WASHINGTON - The prospect that thousands of drones could be patrolling U.S. skies by the end of this decade is raising the specter of a Big Brother government that peers into backyards and bedrooms.
The worries began mostly on the political margins, but there are signs that ordinary people are starting to fret that unmanned aircraft could soon be circling overhead.
When Virginia Gov. Bob McDonnell, a Republican, suggested during a radio interview last month that the unmanned drones be used by police domestically since they have done such a good job on foreign battlefields, the political backlash was swift.
John Whitehead, president of the Rutherford Institute, which provides legal assistance in support of civil liberties and conservative causes, warned the governor, "America is not a battlefield, and the citizens of this nation are not insurgents in need of vanquishing."
Some of the demand for greater drone access to civilian airspace comes from the military, which will bring home unmanned aircraft from Afghanistan and wants room to test and use them. But the potential civilian market for drones may eventually eclipse military demand.
Power companies want them to monitor transmission lines. Farmers want to fly them over fields to detect which crops need water. Ranchers want them to count cows. Journalists are exploring drones' newsgathering potential. Police departments want them to chase crooks, conduct search and rescue missions and catch speeders.
There's concern as well among liberal civil liberties advocates that government and private-sector drones will be used to gather information on Americans without their knowledge. A lawsuit by the Electronic Frontier Foundation of San Francisco, whose motto is "defending your rights in the digital world," forced the Federal Aviation Administration earlier this year to disclose the names of dozens of public universities, police departments and other government agencies that have been awarded permission to fly drones in civilian airspace on an experimental basis.
Earlier this year Congress, under pressure from the Defense Department and the drone manufacturers, ordered the FAA to give drones greater access to civilian airspace by 2015. Besides the military, the mandate applies to drones operated by the private sector and civilian government agencies, including federal, state and local law enforcement.
Giving drones greater access to U.S. skies moves the nation closer to "a surveillance society in which our every move is monitored, tracked, recorded and scrutinized by the authorities," the American Civil Liberties Union warned last December in a report.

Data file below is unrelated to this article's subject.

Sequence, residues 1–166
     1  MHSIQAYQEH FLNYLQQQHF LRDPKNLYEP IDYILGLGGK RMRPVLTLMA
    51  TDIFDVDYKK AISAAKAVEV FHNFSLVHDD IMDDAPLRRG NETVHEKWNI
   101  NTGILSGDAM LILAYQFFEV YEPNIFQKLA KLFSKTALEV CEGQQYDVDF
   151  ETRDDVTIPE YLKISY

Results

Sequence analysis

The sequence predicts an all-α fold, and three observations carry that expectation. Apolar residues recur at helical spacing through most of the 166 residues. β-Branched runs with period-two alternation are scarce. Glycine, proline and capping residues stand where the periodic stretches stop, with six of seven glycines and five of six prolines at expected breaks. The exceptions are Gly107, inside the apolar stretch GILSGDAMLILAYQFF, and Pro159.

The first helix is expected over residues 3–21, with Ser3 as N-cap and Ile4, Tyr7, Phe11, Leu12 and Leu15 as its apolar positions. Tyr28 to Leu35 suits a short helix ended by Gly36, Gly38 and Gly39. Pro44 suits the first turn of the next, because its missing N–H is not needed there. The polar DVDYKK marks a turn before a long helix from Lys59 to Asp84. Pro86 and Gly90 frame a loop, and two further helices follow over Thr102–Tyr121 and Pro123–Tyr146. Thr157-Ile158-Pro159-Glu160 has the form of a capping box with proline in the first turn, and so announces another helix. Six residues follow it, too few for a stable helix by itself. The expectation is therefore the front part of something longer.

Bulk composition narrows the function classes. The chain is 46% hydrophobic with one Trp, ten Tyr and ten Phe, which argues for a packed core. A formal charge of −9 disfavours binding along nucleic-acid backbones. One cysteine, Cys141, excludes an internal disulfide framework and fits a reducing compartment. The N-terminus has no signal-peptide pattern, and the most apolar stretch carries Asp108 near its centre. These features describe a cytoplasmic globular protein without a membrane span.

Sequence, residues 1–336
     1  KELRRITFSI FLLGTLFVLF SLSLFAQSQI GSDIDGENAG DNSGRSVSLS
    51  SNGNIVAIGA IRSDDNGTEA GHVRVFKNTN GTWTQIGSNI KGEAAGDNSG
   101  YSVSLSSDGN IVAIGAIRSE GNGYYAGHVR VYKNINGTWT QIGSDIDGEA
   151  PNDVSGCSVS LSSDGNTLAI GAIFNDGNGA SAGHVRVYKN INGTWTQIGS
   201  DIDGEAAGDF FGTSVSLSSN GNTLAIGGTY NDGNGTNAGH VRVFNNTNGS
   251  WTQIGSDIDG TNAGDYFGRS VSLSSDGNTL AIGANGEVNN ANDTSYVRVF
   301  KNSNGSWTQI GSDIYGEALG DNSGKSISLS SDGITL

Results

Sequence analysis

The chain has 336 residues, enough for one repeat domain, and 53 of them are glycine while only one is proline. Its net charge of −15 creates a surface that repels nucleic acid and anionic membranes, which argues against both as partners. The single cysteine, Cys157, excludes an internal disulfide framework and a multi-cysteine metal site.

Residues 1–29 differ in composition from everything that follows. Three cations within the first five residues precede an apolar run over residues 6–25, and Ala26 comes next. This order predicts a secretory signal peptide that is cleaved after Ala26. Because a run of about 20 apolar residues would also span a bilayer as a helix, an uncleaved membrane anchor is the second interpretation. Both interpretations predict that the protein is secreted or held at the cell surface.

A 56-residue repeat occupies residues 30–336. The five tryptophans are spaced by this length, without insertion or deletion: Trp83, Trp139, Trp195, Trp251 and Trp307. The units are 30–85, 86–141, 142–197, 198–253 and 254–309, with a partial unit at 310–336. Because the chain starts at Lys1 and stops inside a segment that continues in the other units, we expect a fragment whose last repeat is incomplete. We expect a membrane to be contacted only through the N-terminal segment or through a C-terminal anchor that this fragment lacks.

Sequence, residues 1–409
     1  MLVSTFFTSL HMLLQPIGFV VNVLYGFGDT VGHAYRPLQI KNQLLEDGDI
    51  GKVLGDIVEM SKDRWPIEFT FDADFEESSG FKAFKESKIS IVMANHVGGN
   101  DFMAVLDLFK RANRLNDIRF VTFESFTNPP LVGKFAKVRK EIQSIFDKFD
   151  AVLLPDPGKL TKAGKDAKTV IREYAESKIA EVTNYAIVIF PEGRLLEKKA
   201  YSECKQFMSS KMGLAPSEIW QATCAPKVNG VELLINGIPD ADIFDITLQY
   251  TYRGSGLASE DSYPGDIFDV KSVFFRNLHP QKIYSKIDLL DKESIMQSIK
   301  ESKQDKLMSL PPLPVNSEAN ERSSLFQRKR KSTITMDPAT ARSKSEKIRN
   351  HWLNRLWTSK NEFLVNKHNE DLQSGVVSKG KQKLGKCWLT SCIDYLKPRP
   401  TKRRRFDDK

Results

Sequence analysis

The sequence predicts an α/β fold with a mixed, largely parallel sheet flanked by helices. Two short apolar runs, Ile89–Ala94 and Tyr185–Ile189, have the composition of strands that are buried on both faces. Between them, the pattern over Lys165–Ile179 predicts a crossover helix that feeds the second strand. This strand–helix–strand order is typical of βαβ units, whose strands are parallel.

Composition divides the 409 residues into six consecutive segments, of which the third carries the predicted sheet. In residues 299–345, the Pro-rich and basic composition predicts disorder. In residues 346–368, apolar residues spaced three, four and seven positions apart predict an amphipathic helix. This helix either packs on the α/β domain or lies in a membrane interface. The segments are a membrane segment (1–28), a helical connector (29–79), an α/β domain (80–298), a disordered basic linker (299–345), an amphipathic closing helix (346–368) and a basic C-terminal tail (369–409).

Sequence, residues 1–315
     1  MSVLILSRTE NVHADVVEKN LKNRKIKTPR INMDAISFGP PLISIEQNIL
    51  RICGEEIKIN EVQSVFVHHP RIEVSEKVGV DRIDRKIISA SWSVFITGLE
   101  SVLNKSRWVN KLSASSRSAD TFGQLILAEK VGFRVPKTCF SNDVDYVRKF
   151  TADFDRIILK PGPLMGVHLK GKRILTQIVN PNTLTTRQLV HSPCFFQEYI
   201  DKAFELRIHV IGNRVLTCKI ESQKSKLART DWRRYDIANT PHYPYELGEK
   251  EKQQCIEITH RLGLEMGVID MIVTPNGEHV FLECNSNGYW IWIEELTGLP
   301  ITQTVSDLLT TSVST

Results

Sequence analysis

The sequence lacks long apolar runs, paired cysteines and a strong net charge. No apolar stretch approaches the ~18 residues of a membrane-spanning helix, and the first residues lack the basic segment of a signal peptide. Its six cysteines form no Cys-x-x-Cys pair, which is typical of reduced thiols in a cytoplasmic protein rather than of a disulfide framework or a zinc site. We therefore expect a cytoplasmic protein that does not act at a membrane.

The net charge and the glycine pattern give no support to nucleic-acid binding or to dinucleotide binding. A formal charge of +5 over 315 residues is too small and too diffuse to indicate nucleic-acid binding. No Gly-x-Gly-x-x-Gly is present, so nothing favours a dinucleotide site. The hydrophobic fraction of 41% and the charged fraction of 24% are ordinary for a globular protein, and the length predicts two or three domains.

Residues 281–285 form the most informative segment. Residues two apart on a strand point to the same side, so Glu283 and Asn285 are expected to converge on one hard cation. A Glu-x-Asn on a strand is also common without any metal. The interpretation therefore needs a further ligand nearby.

Acting FAA Administrator Michael Huerta will probably be asked about the issue when he testifies at a Senate hearing Thursday.
The anxiety has spilled over into Congress, where a bipartisan group of lawmakers have been meeting to discuss legislation that would broadly address the civil liberty issues raised by drones.
A provision in a defense spending bill would prohibit information gathered by military drones without a warrant from being used as evidence in court. A provision added to another bill would prohibit the Homeland Security Department from arming its drones, including ones used to patrol the border.
Bills have been introduced to prohibit any government agency from using a drone to "gather evidence or other information pertaining to criminal conduct or conduct in violation of a regulation" without a warrant.
"They might just say we'd be safer from muggings if we had constant surveillance crisscrossing the street all the time. But then the question becomes, what about jaywalking? What about eating too many donuts? What about putting mayonnaise on your hamburger? Where does it stop?" asked Sen. Rand Paul.
The backlash has drone makers concerned. The drone market is expected to nearly double over the next 10 years, from current worldwide expenditures of nearly $6 billion annually to more than $11 billion, with police departments accounting for a significant part of that growth.
"We go into this with every expectation that the laws governing public safety and personal privacy will not be administered any differently for (drones) than they are for any other law enforcement tool," said Dan Elwell, vice president of the Aerospace Industries Association.
Fear that some drones may be armed has been fueled in part by a county sheriff's office in Texas that used a homeland security grant to buy a $300,000, ShadowHawk helicopter drone for its SWAT team. The drone can be equipped with a 40mm grenade launcher and a 12-gauge shotgun.
Randy McDaniel, chief deputy with the Montgomery County Sheriff's Office, told The Associated Press earlier this year his office had no plans to arm the drone, but he left open the possibility the agency may decide to adapt the drone to fire tear gas canisters and rubber bullets.